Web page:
Raul Ibanez turned 41 years old this past June. He’s having a remarkable season … considering he’s 41 years old. He’s chasing a record for home runs hit at this advanced age. That record is currently held by Ted Williams. Ted. Williams. Quite impressive, it is. This week, Ibanez told reporters that he’d like to play another year. Heck, he was productive this season, so why not?

There’s no reason Ibanez shouldn’t play in 2014. There are plenty of reasons, however, the Seattle Mariners should not be the name on the front of his uniform.

When you have to qualify a player’s performance before placing positive adjectives into the description — he had a great year “for a 41-year-old” — that suggests he really didn’t have a great year by normal standards. Ibanez has been a fine addition to the ’13 Mariners. He’s hit 28 homers and posted a .506 slugging percentage. He’s not a value on defense at all, nor on the bases, making him a DH-only player that the M’s mis-used for most of this season.

The M’s should thank Ibanez for his performance, his professionalism and wish him well over the winter. He doesn’t fit what the club needs to do over the offseason. Having DH-only bats play the field is too detrimental, and Ibanz’s bat isn’t good enough to lean on regularly as the designated hitter.

Furthermore, having poor defenders — players that really shouldn’t play defense, particularly in the outfield — limits the manager’s flexibility, and the M’s may need platoon scenarios in one of the corner outfield spot and even at first base net season if they have any hope of scoring runs consistently, but a platoon-side DH-only player is too restrictive to the roster.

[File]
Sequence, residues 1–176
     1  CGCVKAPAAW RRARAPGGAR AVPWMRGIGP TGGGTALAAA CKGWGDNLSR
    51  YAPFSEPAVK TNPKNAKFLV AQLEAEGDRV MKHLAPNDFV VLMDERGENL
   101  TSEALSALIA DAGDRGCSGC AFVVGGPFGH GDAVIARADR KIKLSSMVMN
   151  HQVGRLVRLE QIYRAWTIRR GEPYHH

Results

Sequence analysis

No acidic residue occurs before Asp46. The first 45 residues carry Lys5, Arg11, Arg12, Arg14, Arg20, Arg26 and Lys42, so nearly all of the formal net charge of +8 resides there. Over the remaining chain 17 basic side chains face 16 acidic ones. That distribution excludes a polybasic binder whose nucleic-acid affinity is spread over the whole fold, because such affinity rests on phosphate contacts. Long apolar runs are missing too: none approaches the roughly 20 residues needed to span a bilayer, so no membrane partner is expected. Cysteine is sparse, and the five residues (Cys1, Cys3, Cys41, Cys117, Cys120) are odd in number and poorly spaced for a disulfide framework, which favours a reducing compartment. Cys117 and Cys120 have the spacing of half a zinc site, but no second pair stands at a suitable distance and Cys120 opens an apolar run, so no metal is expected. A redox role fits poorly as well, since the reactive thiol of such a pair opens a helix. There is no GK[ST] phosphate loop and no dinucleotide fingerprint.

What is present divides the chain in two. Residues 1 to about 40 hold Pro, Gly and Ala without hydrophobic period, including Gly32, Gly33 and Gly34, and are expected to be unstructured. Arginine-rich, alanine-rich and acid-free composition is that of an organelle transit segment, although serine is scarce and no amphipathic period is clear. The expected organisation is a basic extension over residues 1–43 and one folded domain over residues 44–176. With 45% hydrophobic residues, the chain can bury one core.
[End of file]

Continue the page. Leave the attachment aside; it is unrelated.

Yes, the Mariners need a lot more offense to show drastic progress in 2014. They also need to get better defensively, however, and shouldn’t sell out for home run power the way they did a year ago when they brought in Michael Morse, Kendrys Morales and Ibanez.

The Oakland Athletics have perfected the blueprint in this area. It’s copycat time.

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    Not sure why the sale of the team would be accelerated (or even considered). Part of the reason that Yamauchi gave Ninetendo of America (and the local ownership) 51% ownership, was so that the functions of the Mariners would remain un-interrupted in the event of his death, as I recall.

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    Hey Jason, could this accelerate the sale of the team? If so, how soon.

  3. From what I can gather, the best offer the Mariners got for Ibanez was less than what the White Sox received for Alex Rios, who is actually under contract beyond 2013. All the Sox could get was cash or a player to be named later. That’s why he wasn’t traded. No other reason.